Only a few days after the Allied invasion of Normandy on D-Day, the dust and heat of the tortured area stirred up quite a thirst in the British boys on the front lines. Young men who had survived the brutal landings and pushed several miles inland found poisoned water and only a weak cider to drink. Soldiers wishing for a fine pint of beer was a common complaint.
The boys needed their beer. Anyone who has been around young men knows they will find a way to get their beer. And it wouldn’t bother them if the delivery system is illegal or otherwise non-regulation.
Upon hearing of this dilemma through a Reuters correspondent report back in London, the Henty and Constable Brewery offered free beer to the British armed forces in France. Men called, “sourcers” sprang into action. Often involved in black market goods, these men would devise a way to get the beer to the soldiers.
Volunteer pilots from the Royal Air Force soon were in the bootlegging business. Jettison fuel tanks were steam cleaned, and the brewery filled the tank with beer. A quick flight up to 15,000 feet thoroughly chilled the shipment sloshing about in the tanks.
The pilot of one of the first beer runs received instructions to follow the salvo fire from the battleship Rodney and land on a small strip just to the south of the bombarded area. He and two other pilots flew across the channel and reduced altitude to 5,000 feet. He was quoted saying,
“The welcoming from the Rodney was hardly inviting, but sure enough, there was the strip. Wheels down and in we go, three Spits with 90-gallon jet taks fully loaded with cool beer.”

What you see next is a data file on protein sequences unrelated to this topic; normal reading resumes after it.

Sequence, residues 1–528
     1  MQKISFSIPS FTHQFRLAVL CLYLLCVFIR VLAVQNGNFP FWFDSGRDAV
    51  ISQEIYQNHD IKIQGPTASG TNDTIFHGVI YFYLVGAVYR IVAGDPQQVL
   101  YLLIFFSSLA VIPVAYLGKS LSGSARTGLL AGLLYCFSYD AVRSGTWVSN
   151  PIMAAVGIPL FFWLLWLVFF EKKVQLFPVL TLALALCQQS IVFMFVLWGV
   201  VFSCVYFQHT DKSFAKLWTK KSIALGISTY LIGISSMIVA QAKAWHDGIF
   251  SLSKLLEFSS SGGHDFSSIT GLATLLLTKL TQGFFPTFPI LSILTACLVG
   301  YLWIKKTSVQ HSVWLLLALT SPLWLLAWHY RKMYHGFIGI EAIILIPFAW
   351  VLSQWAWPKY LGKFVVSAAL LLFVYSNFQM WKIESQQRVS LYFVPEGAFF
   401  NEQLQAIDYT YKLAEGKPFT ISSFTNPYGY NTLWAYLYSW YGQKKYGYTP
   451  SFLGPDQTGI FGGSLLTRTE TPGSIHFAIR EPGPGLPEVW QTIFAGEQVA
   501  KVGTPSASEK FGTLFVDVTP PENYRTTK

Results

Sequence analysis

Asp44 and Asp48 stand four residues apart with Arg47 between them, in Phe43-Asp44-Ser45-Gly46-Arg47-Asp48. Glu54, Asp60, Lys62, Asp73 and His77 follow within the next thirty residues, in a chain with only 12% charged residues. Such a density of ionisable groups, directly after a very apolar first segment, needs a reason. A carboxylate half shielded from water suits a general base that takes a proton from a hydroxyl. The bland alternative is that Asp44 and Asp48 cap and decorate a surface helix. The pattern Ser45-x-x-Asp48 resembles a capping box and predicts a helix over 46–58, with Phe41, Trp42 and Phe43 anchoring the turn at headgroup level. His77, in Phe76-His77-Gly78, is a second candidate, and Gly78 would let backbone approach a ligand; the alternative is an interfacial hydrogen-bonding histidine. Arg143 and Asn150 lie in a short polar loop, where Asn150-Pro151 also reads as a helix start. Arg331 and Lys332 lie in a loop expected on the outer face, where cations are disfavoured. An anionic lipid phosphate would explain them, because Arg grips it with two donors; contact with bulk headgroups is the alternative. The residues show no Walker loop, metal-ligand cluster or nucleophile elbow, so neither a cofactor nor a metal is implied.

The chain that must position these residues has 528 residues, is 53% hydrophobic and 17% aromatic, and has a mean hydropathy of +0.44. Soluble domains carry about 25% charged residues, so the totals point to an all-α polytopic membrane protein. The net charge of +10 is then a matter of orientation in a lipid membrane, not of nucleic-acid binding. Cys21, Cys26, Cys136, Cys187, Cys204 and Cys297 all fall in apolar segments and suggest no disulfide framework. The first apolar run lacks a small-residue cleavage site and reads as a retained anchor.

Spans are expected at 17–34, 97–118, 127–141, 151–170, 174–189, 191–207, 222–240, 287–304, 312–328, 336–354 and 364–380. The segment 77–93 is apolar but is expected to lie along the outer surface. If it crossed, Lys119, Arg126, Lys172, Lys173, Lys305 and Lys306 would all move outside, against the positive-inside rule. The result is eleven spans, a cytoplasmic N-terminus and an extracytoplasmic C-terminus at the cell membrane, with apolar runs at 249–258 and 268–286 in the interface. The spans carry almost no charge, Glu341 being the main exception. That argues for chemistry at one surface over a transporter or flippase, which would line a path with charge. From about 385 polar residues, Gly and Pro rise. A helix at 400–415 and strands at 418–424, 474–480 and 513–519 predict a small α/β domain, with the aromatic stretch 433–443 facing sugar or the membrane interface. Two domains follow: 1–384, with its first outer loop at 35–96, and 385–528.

Neither was there happy Brits greeting the planes as they taxied near the end of that particular runway. A man appeared from behind a tree and rushed to the Spitfires. He pointed to a church steeple and quickly explained German snipers had been taking shots at them all day. “…You better drop your tanks and bugger off before it’s too late.” The three planes did just that and got out of there in a hurry.
The alterations made to the jettison tanks was even given an official designation: Modification XXX. However, as one might expect, a tank that formerly held aviation fuel tainted its new contents with a metallic taste.
Nonetheless, the “erks,” as the infantrymen were called, drank every drop. Another pilot said he hated making the beer runs as everyone at the airfield was watching and anxiously awaiting his safe landing. And if a rough landing damaged the tank filled with beer, the pilot responsible was reviled and despised for a period of time – until he successfully delivered a shipment of beer!
Enterprising Royal Air Force personnel also modified the Spitfire’s bomb racks to fit barrels of beer to the wings. The beautiful aircraft would cruise through the sky with a barrel attached to either side of the fuselage. An outfit in Sussex took the idea one step further, designing a “Beer Bomb.” Wooden casks were fitted with streamlined nose cones, giving the appearance of a real bomb.
Especially after refueling stations were established in the conquered territories, the jettison tanks, made in London, were no longer needed in battle and were instead filled with Black Eagle brews from Westerham. The planes would have “Bitter” on one side, and “Mild” on the other.
The Americans got onto the bandwagon after seeing the British operation, and an Icelandic pilot with modified tanks on a P51 Mustang successfully cart beer from London to France. One remark was, “…those Brits really know how to go to war.” Shortly after that, Mustangs also made the beer runs, delivering the brew to the equally thirsty boys in the US Army.
In addition to the Spitfires and Mustangs, the Hawker Typhoon was also used in these goodwill missions. The pilots must have felt they were providing a humanitarian service. Often, after completing their delivery, the fighters would continue to strafe a freight train or bomb a building or two. Obviously, the beer bombs were saved for the British soldiers.
The beer runs were unofficially approved by the brass and continued until a major shortage occurred in all of England. But by then, breweries in the path of the Allied forces were pressed into service, likely to the relief of the local survivors as well as the soldiers of World War II.